Pope Anterus

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Saint Anterus
Pope Anterus.jpg
Birth name Anterus
Papacy began November 21, 235
Papacy ended January 3, 236
Predecessor Pontian
Successor Fabian
Born ???
Died January 3 236
Rome, Italy

Pope Saint Anterus was bishop of Rome from November 21, 235 to January 3, 236, succeeding Pope Pontian, who had been deported from Rome, along with the antipope Hippolytus, to Sardinia. His reign was a very short one, lasting only 40 days. Tradition holds that he collected and stored various acts of the martyrs, but most scholars today treat this report with skepticism.

It is claimed that Anterus was himself martyred under the persecutions of Emperor Maximinus the Thracian. However, while it is true that his predecessor died in exile in the Sandinian mines, there is no evidence for this being the case with Anterus. He was buried in the papal crypt of the cemetery of St. Callixtus in Rome and later made a saint, as were all the early popes. His tomb was discovered in archaeological investigations in the nineteenth century.


The Liber Pontificalis indicates that Anterus was a Greek and that his father's name was Romulus. He became pope after his predecessor, Pontian, was sentenced to exile in the Sardinian mines under the persecution of Emperor Maximinus I, known as the Thracian. Nothing else is known of his background, and little if anything is known of his episcopacy, which lasted less than a month and a half.

The congregation of the antipope and later saint Hippolytus, who was exiled with Pontian, may have been reconciled with the main body of the Roman church during Anterus' time, but the sources make it equally possible that this reunion occurred either just before the sentence of exile was enforced, or during the time of Anterus' successor, Pope Fabian.

The idea of his martyrdom is supported by the fact that his predecessor died in the mines after being exiled under persecution, but more telling is the report in the Liberian Catalogue of the popes that he "fell asleep," a euphemism for a natural death.

A later tradition holds that Anterus was martyred for having caused the Acts of the martyrs to be collected by notaries and deposited in the archives of the Roman Church. While this tradition cannot be dismissed out of hand, most scholars today treat it skeptically, since its source, the Liber Pontificalis, is of relatively late date and routinely ascribes to each pope accomplishments that are clearly anachronistic.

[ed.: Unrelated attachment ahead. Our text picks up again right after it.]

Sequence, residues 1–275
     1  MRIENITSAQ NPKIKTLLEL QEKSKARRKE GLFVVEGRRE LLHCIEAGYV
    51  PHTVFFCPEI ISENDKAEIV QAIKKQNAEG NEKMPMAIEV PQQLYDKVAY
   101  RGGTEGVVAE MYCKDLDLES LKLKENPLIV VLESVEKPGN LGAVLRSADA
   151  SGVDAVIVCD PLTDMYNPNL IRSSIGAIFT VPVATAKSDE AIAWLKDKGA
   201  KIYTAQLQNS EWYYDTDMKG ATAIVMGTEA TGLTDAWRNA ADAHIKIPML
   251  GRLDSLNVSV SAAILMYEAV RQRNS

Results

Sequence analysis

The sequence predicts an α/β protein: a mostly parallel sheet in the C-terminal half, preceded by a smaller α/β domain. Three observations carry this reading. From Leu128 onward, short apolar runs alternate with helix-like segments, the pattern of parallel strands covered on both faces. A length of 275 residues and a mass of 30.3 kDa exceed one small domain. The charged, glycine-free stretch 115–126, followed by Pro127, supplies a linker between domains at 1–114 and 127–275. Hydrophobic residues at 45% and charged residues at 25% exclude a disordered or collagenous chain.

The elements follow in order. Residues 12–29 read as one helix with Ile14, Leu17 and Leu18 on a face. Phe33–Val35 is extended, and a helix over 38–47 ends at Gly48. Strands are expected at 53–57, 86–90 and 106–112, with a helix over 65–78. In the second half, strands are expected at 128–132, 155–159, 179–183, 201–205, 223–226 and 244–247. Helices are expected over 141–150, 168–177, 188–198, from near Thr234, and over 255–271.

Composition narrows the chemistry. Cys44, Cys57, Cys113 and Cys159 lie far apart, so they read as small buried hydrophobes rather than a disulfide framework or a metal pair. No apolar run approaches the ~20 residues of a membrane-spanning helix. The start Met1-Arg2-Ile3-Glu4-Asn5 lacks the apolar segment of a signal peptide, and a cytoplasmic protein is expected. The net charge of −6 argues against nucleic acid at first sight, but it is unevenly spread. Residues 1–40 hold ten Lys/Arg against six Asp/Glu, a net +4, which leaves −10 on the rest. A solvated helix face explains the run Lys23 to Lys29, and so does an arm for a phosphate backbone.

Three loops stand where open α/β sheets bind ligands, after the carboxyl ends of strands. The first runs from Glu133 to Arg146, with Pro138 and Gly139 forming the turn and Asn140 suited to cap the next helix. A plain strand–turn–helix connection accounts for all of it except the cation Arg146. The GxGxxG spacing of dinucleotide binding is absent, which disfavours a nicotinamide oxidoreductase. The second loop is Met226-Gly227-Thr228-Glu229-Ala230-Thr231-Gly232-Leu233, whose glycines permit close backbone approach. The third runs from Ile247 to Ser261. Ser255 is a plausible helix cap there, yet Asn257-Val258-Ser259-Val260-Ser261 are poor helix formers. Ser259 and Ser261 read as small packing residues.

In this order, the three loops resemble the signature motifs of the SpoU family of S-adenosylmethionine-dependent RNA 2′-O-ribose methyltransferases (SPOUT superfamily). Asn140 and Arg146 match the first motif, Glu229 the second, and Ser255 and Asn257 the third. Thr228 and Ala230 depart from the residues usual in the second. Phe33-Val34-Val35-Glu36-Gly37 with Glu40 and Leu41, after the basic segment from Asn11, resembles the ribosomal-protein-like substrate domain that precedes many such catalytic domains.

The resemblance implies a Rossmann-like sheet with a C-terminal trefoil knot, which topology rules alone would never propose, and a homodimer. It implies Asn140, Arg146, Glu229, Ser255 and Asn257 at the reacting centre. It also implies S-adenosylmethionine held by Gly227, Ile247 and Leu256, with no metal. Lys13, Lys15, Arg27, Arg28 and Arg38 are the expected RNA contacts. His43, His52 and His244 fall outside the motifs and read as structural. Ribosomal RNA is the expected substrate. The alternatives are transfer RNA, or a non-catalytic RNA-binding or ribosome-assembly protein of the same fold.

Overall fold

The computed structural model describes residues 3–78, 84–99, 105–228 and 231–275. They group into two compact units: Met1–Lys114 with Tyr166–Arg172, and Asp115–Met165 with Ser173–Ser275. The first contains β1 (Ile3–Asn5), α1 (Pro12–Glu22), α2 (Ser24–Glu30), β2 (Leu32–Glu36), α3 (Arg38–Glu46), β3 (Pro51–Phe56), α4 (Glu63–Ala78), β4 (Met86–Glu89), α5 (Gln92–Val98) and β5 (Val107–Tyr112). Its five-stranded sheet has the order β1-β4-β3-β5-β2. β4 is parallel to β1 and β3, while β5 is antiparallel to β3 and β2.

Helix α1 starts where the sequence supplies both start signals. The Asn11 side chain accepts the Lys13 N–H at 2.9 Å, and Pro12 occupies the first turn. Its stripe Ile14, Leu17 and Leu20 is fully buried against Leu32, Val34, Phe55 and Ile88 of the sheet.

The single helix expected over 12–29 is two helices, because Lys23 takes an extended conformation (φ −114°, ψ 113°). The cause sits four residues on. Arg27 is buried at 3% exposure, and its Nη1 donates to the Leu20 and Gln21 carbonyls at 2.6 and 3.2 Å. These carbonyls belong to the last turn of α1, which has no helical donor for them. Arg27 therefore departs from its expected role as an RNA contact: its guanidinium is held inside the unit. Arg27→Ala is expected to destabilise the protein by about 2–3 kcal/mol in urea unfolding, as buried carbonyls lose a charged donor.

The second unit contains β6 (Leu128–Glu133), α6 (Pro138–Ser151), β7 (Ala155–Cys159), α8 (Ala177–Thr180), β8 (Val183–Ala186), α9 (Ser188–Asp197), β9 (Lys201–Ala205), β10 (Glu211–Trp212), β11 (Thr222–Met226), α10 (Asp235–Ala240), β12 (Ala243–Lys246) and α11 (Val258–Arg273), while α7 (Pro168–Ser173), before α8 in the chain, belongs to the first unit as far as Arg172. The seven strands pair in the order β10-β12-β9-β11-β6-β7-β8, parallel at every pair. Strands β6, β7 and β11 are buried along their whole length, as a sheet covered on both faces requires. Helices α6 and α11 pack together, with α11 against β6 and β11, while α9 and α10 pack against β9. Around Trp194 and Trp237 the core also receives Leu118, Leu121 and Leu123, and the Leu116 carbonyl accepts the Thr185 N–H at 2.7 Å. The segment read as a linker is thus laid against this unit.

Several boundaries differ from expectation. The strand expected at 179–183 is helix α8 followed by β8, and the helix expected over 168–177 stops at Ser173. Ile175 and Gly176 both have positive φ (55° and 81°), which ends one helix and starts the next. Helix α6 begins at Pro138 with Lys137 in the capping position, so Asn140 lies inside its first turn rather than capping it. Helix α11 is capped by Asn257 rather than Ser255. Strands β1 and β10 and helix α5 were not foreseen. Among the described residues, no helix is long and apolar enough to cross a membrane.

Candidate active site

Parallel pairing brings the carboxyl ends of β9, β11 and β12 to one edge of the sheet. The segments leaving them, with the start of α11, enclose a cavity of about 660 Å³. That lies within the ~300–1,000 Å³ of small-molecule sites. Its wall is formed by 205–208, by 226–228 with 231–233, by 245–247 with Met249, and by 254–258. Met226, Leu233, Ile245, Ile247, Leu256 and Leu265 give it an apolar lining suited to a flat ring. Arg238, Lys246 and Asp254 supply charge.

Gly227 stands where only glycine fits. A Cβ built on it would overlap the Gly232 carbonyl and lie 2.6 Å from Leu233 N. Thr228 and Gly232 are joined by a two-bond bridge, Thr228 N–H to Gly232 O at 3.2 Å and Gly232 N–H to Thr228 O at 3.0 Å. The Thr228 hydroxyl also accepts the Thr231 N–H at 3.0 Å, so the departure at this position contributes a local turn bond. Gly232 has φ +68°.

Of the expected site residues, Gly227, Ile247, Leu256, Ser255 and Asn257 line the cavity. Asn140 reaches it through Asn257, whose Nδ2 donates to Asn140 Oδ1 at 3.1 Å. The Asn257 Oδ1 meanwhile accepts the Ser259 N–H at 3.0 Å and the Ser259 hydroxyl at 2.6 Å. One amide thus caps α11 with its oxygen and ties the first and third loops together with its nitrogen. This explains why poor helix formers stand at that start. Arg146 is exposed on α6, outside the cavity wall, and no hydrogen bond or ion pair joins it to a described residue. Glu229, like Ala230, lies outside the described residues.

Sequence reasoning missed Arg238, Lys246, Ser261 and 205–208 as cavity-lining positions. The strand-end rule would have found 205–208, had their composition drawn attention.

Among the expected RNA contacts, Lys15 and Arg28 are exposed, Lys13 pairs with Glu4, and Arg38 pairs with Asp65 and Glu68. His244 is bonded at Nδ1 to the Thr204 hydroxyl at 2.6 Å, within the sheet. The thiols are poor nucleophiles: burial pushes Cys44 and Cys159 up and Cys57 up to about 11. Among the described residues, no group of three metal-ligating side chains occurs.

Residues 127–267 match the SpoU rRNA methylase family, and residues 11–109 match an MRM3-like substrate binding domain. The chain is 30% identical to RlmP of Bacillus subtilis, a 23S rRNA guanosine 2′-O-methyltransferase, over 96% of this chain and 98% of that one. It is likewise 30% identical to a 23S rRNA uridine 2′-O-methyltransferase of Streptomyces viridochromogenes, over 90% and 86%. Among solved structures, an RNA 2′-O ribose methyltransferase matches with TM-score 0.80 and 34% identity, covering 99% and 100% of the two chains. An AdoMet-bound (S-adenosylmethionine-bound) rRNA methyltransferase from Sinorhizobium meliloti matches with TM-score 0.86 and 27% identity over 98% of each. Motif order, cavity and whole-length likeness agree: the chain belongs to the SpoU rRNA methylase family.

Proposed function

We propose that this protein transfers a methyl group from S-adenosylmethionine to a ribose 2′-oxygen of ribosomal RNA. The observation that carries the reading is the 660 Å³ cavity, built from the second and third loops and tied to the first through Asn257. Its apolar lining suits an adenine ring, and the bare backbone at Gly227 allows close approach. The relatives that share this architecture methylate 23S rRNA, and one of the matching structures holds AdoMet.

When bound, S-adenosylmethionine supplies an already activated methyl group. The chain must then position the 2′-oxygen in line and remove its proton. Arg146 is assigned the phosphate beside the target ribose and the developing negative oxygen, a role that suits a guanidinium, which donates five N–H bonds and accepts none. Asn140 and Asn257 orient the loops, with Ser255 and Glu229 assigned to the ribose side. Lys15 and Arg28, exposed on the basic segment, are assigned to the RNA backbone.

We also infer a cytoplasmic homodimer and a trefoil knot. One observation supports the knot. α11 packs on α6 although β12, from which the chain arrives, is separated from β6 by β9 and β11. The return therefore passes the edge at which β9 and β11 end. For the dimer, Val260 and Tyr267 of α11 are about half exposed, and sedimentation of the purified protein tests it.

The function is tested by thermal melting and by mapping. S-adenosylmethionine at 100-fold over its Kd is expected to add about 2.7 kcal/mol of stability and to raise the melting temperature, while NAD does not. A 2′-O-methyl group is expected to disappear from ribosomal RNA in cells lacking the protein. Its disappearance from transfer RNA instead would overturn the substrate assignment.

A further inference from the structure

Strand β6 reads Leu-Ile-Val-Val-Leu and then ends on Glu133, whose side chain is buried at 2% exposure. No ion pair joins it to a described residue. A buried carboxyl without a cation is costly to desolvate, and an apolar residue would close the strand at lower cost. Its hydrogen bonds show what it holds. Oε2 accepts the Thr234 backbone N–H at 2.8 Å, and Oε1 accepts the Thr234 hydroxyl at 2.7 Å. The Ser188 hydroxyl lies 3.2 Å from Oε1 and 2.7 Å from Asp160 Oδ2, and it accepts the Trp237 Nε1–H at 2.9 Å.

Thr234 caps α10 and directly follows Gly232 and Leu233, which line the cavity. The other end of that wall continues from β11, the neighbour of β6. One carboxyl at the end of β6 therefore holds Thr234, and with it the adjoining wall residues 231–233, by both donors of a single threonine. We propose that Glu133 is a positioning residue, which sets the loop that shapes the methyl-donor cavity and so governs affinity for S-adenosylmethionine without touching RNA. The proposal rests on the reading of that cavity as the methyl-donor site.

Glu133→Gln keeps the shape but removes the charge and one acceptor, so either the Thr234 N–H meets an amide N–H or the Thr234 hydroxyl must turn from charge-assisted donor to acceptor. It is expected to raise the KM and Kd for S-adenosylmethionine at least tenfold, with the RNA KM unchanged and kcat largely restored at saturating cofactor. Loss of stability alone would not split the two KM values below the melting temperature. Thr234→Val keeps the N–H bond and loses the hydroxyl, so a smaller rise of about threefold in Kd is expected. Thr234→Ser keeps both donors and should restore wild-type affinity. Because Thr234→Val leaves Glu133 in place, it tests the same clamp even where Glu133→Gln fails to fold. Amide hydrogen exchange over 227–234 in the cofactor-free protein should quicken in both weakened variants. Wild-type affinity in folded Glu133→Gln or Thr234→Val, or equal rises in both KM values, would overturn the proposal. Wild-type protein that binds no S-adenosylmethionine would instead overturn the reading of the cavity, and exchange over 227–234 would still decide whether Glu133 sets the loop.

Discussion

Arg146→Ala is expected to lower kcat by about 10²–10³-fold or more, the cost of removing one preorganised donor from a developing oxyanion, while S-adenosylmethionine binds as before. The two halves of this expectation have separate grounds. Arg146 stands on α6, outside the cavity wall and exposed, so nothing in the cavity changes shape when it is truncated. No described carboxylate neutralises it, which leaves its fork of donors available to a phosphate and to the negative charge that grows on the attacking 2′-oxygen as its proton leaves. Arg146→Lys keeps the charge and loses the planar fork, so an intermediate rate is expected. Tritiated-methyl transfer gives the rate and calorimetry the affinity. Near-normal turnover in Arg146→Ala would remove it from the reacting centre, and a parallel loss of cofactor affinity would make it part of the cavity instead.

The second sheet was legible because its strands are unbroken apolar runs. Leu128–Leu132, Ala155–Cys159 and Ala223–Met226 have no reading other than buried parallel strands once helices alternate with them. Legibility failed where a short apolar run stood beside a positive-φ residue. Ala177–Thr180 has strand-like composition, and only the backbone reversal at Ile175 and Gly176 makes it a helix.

Anterus was the first bishop of Rome to be buried in the Catacomb of Callixtus, in which many of the early popes would later be entombed. The site of Anterus' sepulcher was discovered by the Italian archaeologist Giovanni Battista de Rossi in 1854, who found some broken remnants of his Greek epitaph engraved on the narrow oblong slab that covered his tomb. A letter once attributed to him is now dismissed as a later forgery. His feast is celebrated on January 3.

Roman Catholic Popes
Preceded by:
Bishop of Rome

Succeeded by: Fabian

ISBN links support NWE through referral fees

  • Chapman, John. Studies on the Early Papacy. Port Washington, NY: Kennikat Press, 1971. ISBN 9780804611398.
  • Duffy, Eamon. Saints and Sinners: A History of the Popes. New Haven: Yale University Press, 2002. ISBN 0300091656.
  • Fortescue, Adrian, and Scott M. P. Reid. The Early Papacy: To the Synod of Chalcedon in 451. Southampton: Saint Austin Press, 1997. ISBN 9781901157604.
  • Kelly, John N. D., and Michael J. Walsh. The Oxford Dictionary of Popes. Oxford: Oxford Univ. Press, 2005. ISBN 9780198614333.
  • Loomis, Louise Ropes. The Book of Popes (Liber Pontificalis). Merchantville, NJ: Evolution Publishing. ISBN 1889758868.
  • Maxwell-Stuart, P. G. Chronicle of the Popes: The Reign-by-Reign Record of the Papacy from St. Peter to the Present. New York, NY: Thames and Hudson, 1997. ISBN 0500017980.
  • Walsh, Michael J. An Illustrated History of the Popes: Saint Peter to John Paul II. Bonanza Books, 1980. ASIN B000O9Y9I6.

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